Lakers Rumors: Who Should Replace Mike Brown If He Continues to Fail?

Daniel Boston@NBAReportingAnalyst IIAugust 4, 2012

EL SEGUNDO, CA - MAY 31:  Mike Brown, the new head coach for the Los Angeles Lakers, speaks during his introductory news conference at the team's training facility on May 31, 2011 in El Segundo, California. Brown replaced Lakers coach Phil Jackson, who retired at the end of this season.  (Photo by Kevork Djansezian/Getty Images)
Kevork Djansezian/Getty Images

Sadness and dismay loomed over Los Angeles the day Phil Jackson and his 13 championship rings walked through retirement's door. The air was knocked from Los Angeles' stomach, the wind robbed from her sails and the bounce taken from its step. Zen was no more.

The City of Angels became a City of Wails as its future seemingly tailspinned out of control. Parades and champagne were replaced with shadows and clouds, thunderstorms and darkness.

But, hope for continuity remained, as Brian Shaw was considered the heavy favorite to replace Jackson and was even endorsed by Kobe Bryant.

As if the grim reaper did not have enough laughs, Shaw was unexpectedly terminated in shady fashion, paving the way for a new coaching era in L.A.

In a blur of shocking events, Mike Brown became the chosen successor to Phil Jackson, creating an atmosphere of surprise and disappointment.

Phil Jackson certainly left behind some large shoes to fill, but Coach Brown? Coach Mike Brown as the king's successor? 

You've got to be kiddin' me!

While last year's outcome certainly garnered mixed opinions, Brown's choices and direction during the season-long journey were questionable at best.

Yes, Andrew Bynum flourished and became an All-Star for the first time under Brown's direction, but at what expense?

Pau Gasol, a key ingredient in the Lakers' 2008-2010 championship run, became the third option behind Kobe Bryant and Bynum. The results were a disaster of sorts, as Andrew brought his A-game only half of the time, and Gasol disappeared altogether.

Friction between the players and coach became prevalent as Metta World Peace and Brown took jabs at each other through the media.

Andrew Bynum lost all respect for Brown at one point, refusing to join team huddles because he was "getting his zen on," as he later explained it (per Matt Moore of After being benched for his shocking three-point attempt, Bynum later said he would '"continue to launch open three-pointers" (per Matt Moore of

There were even reports that the team had grown distraught with their new coach's offensive sets and wanted to resort back to Phil Jackson's triangle offense during games.

As a matter of fact, Brown's offense was so horrific that the Lakers were at one point averaging the franchise's lowest per-game point total (94) since before the advent of the 24-second shot clock in 1954-55.


For a coach who prides himself and his team on defense and toughness, the Lakers only finished 15th in overall defense. That's not very impressive by any stretch of the imagination, especially for the Lakers, who feature two seven-foot towers in Gasol and Bynum.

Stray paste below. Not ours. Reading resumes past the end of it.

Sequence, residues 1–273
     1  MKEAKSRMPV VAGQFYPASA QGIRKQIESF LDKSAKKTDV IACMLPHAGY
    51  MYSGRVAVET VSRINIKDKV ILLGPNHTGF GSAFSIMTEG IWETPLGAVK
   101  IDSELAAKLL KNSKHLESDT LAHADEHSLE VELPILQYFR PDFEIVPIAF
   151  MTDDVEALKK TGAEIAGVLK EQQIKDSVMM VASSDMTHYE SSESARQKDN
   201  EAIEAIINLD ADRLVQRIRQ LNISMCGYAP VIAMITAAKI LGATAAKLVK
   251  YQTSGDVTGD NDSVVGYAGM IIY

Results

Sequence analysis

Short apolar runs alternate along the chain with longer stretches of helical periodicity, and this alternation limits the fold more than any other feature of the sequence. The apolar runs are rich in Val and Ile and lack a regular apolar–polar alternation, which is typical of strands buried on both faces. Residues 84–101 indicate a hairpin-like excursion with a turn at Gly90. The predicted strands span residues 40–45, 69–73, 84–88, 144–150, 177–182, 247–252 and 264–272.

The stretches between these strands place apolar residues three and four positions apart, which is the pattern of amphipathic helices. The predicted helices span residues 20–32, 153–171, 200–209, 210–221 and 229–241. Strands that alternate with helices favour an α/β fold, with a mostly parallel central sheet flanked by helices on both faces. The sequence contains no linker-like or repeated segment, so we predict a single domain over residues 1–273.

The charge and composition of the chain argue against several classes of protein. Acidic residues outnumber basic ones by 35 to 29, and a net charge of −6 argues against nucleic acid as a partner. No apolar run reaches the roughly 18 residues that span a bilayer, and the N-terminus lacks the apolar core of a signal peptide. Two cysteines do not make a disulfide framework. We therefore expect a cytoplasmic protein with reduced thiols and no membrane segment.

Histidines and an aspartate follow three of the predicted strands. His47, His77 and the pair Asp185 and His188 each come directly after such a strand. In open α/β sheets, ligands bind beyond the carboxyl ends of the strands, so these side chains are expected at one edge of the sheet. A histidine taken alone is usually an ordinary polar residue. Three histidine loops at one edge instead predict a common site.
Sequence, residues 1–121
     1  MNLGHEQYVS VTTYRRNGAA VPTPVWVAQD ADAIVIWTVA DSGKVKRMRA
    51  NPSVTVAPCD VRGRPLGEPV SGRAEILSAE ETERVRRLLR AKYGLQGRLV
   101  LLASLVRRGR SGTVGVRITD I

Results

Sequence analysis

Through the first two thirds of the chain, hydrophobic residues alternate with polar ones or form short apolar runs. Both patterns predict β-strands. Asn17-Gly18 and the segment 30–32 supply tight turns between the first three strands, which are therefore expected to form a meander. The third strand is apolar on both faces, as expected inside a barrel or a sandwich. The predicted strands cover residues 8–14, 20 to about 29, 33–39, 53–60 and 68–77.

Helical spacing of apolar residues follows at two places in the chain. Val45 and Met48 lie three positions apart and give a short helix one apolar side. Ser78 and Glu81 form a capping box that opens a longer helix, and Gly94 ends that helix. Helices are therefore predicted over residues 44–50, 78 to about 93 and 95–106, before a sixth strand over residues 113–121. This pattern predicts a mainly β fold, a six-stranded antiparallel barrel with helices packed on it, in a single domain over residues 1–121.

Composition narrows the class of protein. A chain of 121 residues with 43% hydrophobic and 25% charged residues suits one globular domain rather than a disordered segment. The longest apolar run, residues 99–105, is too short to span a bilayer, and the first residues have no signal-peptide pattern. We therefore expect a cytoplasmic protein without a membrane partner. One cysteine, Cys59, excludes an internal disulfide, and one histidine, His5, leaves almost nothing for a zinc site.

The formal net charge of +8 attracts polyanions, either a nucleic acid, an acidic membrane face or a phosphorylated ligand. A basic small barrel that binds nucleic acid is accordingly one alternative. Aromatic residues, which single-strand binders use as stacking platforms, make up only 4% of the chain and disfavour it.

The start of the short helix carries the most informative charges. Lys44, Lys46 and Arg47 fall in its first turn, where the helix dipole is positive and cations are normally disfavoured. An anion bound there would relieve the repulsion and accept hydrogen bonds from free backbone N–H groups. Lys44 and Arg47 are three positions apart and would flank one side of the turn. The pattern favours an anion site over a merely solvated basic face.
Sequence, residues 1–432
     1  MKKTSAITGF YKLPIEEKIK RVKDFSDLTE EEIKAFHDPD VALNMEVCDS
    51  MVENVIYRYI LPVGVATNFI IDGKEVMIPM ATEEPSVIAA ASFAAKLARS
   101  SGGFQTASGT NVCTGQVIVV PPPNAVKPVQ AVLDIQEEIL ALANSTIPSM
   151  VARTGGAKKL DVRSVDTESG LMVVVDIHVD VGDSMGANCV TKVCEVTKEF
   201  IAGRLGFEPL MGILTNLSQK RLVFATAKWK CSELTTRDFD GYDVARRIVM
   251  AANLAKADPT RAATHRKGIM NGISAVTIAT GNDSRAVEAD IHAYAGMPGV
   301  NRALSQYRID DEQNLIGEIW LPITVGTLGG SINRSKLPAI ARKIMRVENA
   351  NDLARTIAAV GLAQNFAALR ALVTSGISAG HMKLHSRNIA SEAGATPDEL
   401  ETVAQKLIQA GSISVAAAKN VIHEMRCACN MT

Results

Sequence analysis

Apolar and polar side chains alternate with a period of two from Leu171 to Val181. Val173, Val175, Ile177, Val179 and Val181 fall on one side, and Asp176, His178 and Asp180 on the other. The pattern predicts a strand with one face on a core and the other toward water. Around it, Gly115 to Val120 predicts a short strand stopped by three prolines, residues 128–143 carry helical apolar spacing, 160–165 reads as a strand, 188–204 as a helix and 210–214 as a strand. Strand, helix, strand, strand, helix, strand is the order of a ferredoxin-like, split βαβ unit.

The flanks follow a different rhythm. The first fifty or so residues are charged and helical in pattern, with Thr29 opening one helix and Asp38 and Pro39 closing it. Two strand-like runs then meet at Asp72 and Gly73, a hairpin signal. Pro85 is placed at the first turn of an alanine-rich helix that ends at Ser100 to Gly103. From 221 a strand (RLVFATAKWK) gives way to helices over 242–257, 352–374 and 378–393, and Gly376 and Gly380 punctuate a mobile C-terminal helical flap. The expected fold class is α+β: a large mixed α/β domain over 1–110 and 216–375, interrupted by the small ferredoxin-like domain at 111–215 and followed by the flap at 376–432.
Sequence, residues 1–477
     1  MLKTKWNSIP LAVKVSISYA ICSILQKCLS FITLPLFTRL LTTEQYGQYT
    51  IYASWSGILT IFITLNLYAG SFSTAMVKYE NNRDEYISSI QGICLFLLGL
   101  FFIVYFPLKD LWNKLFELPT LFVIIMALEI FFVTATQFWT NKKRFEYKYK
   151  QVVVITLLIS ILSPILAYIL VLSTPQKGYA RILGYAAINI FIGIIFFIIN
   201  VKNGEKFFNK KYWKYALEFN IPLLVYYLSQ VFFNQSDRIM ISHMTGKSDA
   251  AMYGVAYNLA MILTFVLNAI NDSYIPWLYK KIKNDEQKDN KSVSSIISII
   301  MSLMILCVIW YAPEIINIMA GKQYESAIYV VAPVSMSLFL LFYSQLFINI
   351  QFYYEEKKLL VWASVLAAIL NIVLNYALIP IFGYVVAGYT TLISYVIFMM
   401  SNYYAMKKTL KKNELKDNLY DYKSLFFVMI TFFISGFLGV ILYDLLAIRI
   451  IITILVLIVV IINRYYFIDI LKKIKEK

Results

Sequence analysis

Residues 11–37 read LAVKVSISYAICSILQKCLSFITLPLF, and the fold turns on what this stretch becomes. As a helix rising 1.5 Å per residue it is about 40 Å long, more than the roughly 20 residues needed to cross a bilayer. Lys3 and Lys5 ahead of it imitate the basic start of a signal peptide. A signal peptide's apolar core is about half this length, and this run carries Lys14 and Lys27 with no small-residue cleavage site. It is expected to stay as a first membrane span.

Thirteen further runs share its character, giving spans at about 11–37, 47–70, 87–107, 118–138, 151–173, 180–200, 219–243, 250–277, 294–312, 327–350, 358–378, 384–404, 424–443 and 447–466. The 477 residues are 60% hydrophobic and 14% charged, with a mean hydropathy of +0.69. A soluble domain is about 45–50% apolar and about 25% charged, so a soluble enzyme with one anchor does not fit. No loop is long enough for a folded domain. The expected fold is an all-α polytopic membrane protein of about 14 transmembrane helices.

Coach Brown tried to avoid any run-ins with the captain and face of the franchise, Kobe Bryant. The result was problematic at times.

While Kobe has been brilliant throughout his career, we often witnessed Bryant doing too much last season. A lot of it can be attributed to the ball being in his hands with three seconds on the shot clock (blame that on Mike Brown's offensive schematics).

Kobe was also guilty of attempting to take over games and forgetting about the team.

This happened far too often due to Coach Brown's inability to tell Bryant when enough was enough.

The biggest concern going forward is how Steve Nash will be integrated into the Lakers' lineup. While his playmaking and scoring should propel the Lakers to new heights this coming season, last year showed that Mike Brown simply does not have what it takes to manage an NBA offense.

Even Magic Johnson took notice, and could not have said it any better (per T.J. Simers of the Los Angeles Times):

"I'm really not tough on Mike Brown," Magic said. "I just want Mike to do a better job."

"I like Mike Brown. I thought the defense since Mike came here has improved. But I don't like a 7-footer out on the perimeter when we have the advantage down low. I have to point that out. And the Lakers don't lose in the first round; that's not who we are."

It does not take a rocket scientist, or even Magic for that matter, to realize that Coach Brown's excuses (lack of training camp and terrible offensive play) only served as decoys to deflect responsibility from the one who truly deserves the burden of blame: himself.

Should he continue his erroneous ways, he will be forced to answer to the likes of the Busses, Kupchaks and Los Angeles in general.

And, if he hasn't learned already, he will certainly get the hint when Jerry Buss' steel-pointed toe lands on the most sensitive area of Brown's behind, which could be his friendly way of hollering for a coaching change.

See, in Los Angeles we don't put up with playoff eliminations and disappointments, as Cleveland did. Welcome to the big boy's league.

So, unless you can get your act together, Mr. Brown, there's a replacement here waiting for you who will certainly fill your role, plus some, with ease:

Jerry Sloan.




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